Indigenous Language Revitalization Saves Lives: an Interview with Nicki Benson

I had the pleasure of speaking with Nicki Benson, a PhD candidate at the University of Victoria, about the work she is doing to support Indigenous people in their efforts to reclaim their languages.

Nicki Benson, PhD Candidate in Indigenous Language Revitalization at the University of Victoria
Nicki Benson, PhD Candidate in Indigenous Language Revitalization at the University of Victoria

As a rabbi, I know the importance of the Hebrew and Aramaic language to my culture’s wisdom and sense of belonging. I want to raise awareness about this important work to promote personal and communal wellbeing in Indigenous communities and beyond. 

Here are a few key takeaways from our conversation:

The higher the number of speakers in a community, the lower rates of suicide

Matthew: Why is revitalization of Indigenous languages important?

Nicki: For me, one of the most important reasons is the connection between language and wellbeing. Research has shown the connection between language and culture revitalization and all sorts of health factors. Here in BC, there’s been research done that looks at the level of cultural practices across Indigenous communities and correlates them with health outcomes like rates of diabetes, rates of access to mental health organizations, and school drop-out rates. 

One study specifically looked at the language factor. It found that Indigenous communities with higher numbers of language speakers had better health outcomes, including much lower rates of youth suicide. There appeared to be a direct link there. There are many reasons to revitalize languages such as connection to one’s identity, understanding of one’s cultural practices, or the fact that it is a recognized human right. But that link between language and wellbeing is what makes the importance so obvious to me. 

Languages are sleeping, not dead. They can be awoken!

Nicki: There are cases where people have brought back languages that had no remaining speakers. In fact, Hebrew is one such language! There are a couple of famous cases of Indigenous people who have gotten linguistics degrees just so that they could understand the linguistic documentation that exists. They have then been able to use that documentation and information from neighbouring languages to bring their languages back. In our field, we use the term “sleeping languages” as opposed to words like “dead languages.” There’s not just a belief, but evidence, that languages can be reawakened.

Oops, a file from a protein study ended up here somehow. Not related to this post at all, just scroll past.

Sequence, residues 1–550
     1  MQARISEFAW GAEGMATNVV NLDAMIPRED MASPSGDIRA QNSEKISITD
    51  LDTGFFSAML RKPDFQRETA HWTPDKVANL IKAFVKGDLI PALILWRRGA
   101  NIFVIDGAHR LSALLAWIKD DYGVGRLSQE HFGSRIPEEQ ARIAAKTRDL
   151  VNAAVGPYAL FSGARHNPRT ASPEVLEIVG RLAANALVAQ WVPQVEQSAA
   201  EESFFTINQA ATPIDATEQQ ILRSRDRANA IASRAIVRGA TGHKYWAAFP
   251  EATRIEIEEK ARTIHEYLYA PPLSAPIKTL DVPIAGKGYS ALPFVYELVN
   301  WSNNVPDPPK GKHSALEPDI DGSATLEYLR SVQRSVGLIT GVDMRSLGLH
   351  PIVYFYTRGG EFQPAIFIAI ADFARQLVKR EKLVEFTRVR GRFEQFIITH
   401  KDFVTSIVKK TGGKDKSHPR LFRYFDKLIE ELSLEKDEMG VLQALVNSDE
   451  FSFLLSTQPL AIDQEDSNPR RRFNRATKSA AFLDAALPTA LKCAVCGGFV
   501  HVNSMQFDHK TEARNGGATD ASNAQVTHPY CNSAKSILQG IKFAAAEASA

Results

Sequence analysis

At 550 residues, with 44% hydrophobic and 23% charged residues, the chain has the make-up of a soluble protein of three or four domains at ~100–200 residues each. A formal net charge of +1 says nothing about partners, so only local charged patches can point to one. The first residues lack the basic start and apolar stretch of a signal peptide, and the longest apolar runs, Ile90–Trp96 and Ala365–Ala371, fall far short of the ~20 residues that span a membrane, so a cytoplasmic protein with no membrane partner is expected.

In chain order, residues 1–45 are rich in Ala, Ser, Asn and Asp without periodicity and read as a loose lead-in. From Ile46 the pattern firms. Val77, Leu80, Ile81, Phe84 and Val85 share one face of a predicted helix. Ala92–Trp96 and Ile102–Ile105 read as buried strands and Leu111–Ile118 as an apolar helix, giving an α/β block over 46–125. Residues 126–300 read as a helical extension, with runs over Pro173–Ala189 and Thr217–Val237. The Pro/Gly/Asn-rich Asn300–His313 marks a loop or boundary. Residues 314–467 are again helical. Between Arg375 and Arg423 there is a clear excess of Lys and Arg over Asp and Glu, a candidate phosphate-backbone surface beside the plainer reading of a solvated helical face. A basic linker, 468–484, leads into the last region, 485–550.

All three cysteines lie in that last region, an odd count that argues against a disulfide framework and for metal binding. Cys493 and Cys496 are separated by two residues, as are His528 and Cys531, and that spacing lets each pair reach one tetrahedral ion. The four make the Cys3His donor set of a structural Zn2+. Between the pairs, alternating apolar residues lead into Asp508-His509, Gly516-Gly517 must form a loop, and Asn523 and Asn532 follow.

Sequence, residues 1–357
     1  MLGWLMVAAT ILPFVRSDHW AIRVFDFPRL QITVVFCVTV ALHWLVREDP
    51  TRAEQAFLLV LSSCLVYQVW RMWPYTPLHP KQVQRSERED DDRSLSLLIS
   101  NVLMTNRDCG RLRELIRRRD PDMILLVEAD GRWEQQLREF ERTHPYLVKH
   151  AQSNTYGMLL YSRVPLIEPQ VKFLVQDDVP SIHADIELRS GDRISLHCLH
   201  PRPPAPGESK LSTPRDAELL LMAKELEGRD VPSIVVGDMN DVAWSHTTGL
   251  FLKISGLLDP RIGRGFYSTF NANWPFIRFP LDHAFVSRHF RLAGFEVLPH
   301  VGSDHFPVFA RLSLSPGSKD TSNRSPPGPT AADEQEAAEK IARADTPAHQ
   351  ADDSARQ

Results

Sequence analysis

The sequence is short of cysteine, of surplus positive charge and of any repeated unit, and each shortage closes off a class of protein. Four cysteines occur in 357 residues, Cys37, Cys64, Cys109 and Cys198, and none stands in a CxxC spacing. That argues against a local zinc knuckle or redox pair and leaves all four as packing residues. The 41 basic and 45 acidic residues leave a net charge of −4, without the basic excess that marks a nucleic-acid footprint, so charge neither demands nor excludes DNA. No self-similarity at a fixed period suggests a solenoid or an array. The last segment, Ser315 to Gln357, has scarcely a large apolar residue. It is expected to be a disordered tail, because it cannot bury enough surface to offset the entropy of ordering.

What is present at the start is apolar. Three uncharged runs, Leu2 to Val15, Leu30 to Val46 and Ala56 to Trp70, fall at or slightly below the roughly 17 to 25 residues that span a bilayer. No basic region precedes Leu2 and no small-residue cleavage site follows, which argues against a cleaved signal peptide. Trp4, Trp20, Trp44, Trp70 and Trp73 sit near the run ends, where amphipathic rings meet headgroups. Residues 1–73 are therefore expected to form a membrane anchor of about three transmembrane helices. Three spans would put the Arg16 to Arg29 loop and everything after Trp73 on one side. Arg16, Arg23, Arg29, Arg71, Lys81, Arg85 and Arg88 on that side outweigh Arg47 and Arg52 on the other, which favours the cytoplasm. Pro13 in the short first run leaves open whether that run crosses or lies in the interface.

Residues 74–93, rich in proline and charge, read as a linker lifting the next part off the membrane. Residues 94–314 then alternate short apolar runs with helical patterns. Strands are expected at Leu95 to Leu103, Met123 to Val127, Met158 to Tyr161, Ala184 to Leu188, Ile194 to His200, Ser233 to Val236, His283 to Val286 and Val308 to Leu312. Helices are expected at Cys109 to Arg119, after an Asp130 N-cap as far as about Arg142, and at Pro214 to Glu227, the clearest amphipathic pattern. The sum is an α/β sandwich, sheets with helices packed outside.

I’ve been working with the Sḵwx̱wú7mesh language community since 2015. They lost their last first language speaker in 2020. But young people have been enrolling in full-time adult immersion programs for the language since 2016 that have graduated at least 50 new speakers. For my PhD research, I worked with a small group of graduates of these programs that were working on getting to advanced levels of language proficiency. They have dedicated their lives to this. They meet Monday to Friday, 9am to 4pm, working on their language development and supporting each other through different kinds of learning activities. It is very hard work but a lot of Indigenous people are determined to reclaim and take back their languages that have been taken from them. 

Beautiful British Columbia forest
A forest in British Columbia

Learning about Indigenous languages is for everyone 

Nicki: It’s really important for non-Indigenous people to know about Indigenous languages. There were 450 Indigenous languages spoken in Canada before contact with Europeans. Today, just over 60 languages are spoken actively throughout the country and very few of them are in a place of strength. They need ongoing and stable sources of support. I think we all have the responsibility to learn about the languages of the lands on which we live, and to support their vitality. 

There are a lot of resources out there now to learn about Indigenous languages, especially in British Columbia. The First People’s Cultural Council website is great, and has a beautiful map of Indigenous communities, languages, and organizations to support. And you can learn words through First Voices. There’s something really special and beautiful about making those connections. And it doesn’t take much searching to find organizations in other areas that are working on language revitalization and could use our support too! 

Nicki Benson is a PhD candidate in Indigenous Language Revitalization at the University of Victoria where her research explores strategies and supports for advanced Indigenous language learning. She is a Research Coordinator with the NEȾOLṈEW̱ Research Partnership and a consultant with Esperanza Education. When she is not busy nerding out about language, she is busy living in language as she works on raising her children in her second language, Spanish. She aspires to one day become a speaker of her ancestral language, Hebrew, too!

If you come from Jewish ancestry and want to learn Hebrew or Aramaic—whether as a beginner or to strengthen your existing language skills—I offer one-on-one and group lessons from the basics of the alphabet all the way to translations of classic texts.

Rabbi Matthew Ponak teaching from his book Embodied Kabbalah